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Modeling the diffusion of scientific publications

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Author Info

  • Fok, Dennis
  • Franses, Philip Hans

Abstract

This paper illustrates that salient features of a panel of time series of annual citations can be captured by a Bass type diffusion model. We put forward an extended version of this diffusion model, where we consider the relation between key characteristics of the diffusion process and features of the articles. More specifically, parameters measuring citations' ceiling and the timing of peak citations are correlated with specific features of the articles like the number of pages and the number of authors. Our approach amounts to a multi-level non-linear regression for a panel of time series. We illustrate our model for citations to articles that were published in Econometrica and the Journal of Econometrics. Amongst other things, we find that more references lead to more citations and that for the Journal of Econometrics peak citations of more recent articles tend to occur later.

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File URL: http://www.sciencedirect.com/science/article/B6VC0-4MH2C6M-1/2/f68483bbc05242a667c4ef28972d02fc
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Bibliographic Info

Article provided by Elsevier in its journal Journal of Econometrics.

Volume (Year): 139 (2007)
Issue (Month): 2 (August)
Pages: 376-390

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Handle: RePEc:eee:econom:v:139:y:2007:i:2:p:376-390

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Web page: http://www.elsevier.com/locate/jeconom

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References

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  1. Hendrik P. van Dalen & Kene Henkens, 2000. "What makes a Scientific Article influential?," Tinbergen Institute Discussion Papers 00-032/1, Tinbergen Institute.
  2. Glenn Ellison, 2000. "The Slowdown of the Economics Publishing Process," NBER Working Papers 7804, National Bureau of Economic Research, Inc.
  3. Boswijk, H. Peter & Franses, Philip Hans, 2005. "On the Econometrics of the Bass Diffusion Model," Journal of Business & Economic Statistics, American Statistical Association, vol. 23, pages 255-268, July.
  4. Hendrik P. van Dalen & Kene Henkens, 2000. "What makes a Scientific Article influential?," Tinbergen Institute Discussion Papers 00-032/1, Tinbergen Institute.
  5. Daniel McFadden & Kenneth Train, 2000. "Mixed MNL models for discrete response," Journal of Applied Econometrics, John Wiley & Sons, Ltd., vol. 15(5), pages 447-470.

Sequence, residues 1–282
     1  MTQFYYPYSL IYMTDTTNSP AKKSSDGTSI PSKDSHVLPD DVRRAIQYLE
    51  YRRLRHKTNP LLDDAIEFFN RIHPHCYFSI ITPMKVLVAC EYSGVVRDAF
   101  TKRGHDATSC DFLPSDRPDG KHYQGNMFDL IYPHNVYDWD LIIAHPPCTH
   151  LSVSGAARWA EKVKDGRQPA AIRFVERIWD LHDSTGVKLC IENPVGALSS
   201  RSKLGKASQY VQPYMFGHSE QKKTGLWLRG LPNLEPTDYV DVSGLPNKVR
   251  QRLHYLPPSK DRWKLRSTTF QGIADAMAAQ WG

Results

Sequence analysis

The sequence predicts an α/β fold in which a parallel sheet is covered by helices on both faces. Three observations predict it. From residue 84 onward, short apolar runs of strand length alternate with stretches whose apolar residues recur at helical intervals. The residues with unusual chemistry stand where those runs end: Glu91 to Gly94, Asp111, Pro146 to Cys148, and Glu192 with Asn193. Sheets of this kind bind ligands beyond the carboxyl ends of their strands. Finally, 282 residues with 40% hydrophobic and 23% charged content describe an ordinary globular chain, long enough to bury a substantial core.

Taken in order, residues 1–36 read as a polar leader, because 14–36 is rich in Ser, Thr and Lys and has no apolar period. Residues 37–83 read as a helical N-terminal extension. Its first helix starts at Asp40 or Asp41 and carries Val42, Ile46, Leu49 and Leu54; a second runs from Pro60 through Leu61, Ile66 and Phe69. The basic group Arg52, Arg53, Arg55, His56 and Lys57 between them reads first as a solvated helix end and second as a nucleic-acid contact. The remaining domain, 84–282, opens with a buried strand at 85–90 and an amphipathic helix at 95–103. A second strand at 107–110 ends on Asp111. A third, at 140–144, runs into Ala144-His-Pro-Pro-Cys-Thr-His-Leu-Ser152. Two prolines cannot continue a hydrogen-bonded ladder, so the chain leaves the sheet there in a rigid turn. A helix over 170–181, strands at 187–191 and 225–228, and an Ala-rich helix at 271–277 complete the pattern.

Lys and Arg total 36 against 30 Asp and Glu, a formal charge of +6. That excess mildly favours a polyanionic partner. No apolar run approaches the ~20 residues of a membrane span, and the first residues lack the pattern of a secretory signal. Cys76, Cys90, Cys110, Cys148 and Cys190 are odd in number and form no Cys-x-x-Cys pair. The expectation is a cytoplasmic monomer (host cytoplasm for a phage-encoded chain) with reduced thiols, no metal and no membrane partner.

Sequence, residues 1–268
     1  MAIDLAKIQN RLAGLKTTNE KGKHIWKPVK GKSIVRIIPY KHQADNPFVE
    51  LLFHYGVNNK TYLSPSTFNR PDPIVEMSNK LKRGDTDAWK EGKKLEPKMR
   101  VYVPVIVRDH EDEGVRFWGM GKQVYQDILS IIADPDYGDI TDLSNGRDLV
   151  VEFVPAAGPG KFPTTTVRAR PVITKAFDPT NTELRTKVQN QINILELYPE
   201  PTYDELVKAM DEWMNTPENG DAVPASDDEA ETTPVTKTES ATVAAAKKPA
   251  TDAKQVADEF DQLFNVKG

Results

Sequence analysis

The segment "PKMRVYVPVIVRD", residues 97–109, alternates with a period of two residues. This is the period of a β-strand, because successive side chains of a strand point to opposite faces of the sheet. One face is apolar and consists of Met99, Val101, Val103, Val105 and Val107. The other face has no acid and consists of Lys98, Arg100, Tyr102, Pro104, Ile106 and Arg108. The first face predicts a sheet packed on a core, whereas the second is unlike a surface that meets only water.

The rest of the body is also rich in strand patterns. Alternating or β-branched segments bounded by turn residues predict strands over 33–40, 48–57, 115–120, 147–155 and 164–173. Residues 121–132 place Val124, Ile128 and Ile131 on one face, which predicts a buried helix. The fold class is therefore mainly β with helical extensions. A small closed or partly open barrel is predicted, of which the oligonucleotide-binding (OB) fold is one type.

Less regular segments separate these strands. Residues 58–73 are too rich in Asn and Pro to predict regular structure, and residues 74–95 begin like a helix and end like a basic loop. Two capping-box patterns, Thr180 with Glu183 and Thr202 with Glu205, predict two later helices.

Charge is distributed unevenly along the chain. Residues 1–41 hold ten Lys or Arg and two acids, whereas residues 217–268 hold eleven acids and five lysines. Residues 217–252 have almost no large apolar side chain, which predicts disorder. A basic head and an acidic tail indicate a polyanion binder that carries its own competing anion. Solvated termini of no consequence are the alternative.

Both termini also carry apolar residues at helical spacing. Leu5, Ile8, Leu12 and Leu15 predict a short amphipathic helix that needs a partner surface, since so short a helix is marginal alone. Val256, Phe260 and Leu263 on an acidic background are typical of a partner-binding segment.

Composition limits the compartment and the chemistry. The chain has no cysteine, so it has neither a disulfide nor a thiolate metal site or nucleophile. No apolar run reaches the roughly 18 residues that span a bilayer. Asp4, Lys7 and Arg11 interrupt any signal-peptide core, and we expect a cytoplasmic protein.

6. Christophe Van den Bulte & Gary L. Lilien, 1997. "Bias and Systematic Change in the Parameter Estimates of Macro-Level Diffusion Models," Marketing Science, INFORMS, vol. 16(4), pages 338-353.
  7. Nigel Meade & Towhidul Islam, 1998. "Technological Forecasting---Model Selection, Model Stability, and Combining Models," Management Science, INFORMS, vol. 44(8), pages 1115-1130, August.
  8. Peter J. Lenk & Ambar G. Rao, 1990. "New Models from Old: Forecasting Product Adoption by Hierarchical Bayes Procedures," Marketing Science, INFORMS, vol. 9(1), pages 42-53.
  9. Geweke, John, 1989. "Bayesian Inference in Econometric Models Using Monte Carlo Integration," Econometrica, Econometric Society, vol. 57(6), pages 1317-39, November.
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Citations

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Cited by:
  1. Boswijk, H. Peter & Franses, Philip Hans & van Dijk, Dick, 2010. "Cointegration in a historical perspective," Journal of Econometrics, Elsevier, vol. 158(1), pages 156-159, September.
  2. Franses, Ph.H.B.F., 2009. "Forecasting Sales," Econometric Institute Research Papers EI 2009-29, Erasmus University Rotterdam, Erasmus School of Economics (ESE), Econometric Institute.
  3. Marc Fischer & Peter Leeflang & Peter Verhoef, 2010. "Drivers of peak sales for pharmaceutical brands," Quantitative Marketing and Economics, Springer, vol. 8(4), pages 429-460, December.
  4. Peter Howlett, 2008. "Travelling in the social science community: assessing the impact of the Indian Green Revolution across disciplines," Economic History Working Papers 22513, London School of Economics and Political Science, Department of Economic History.

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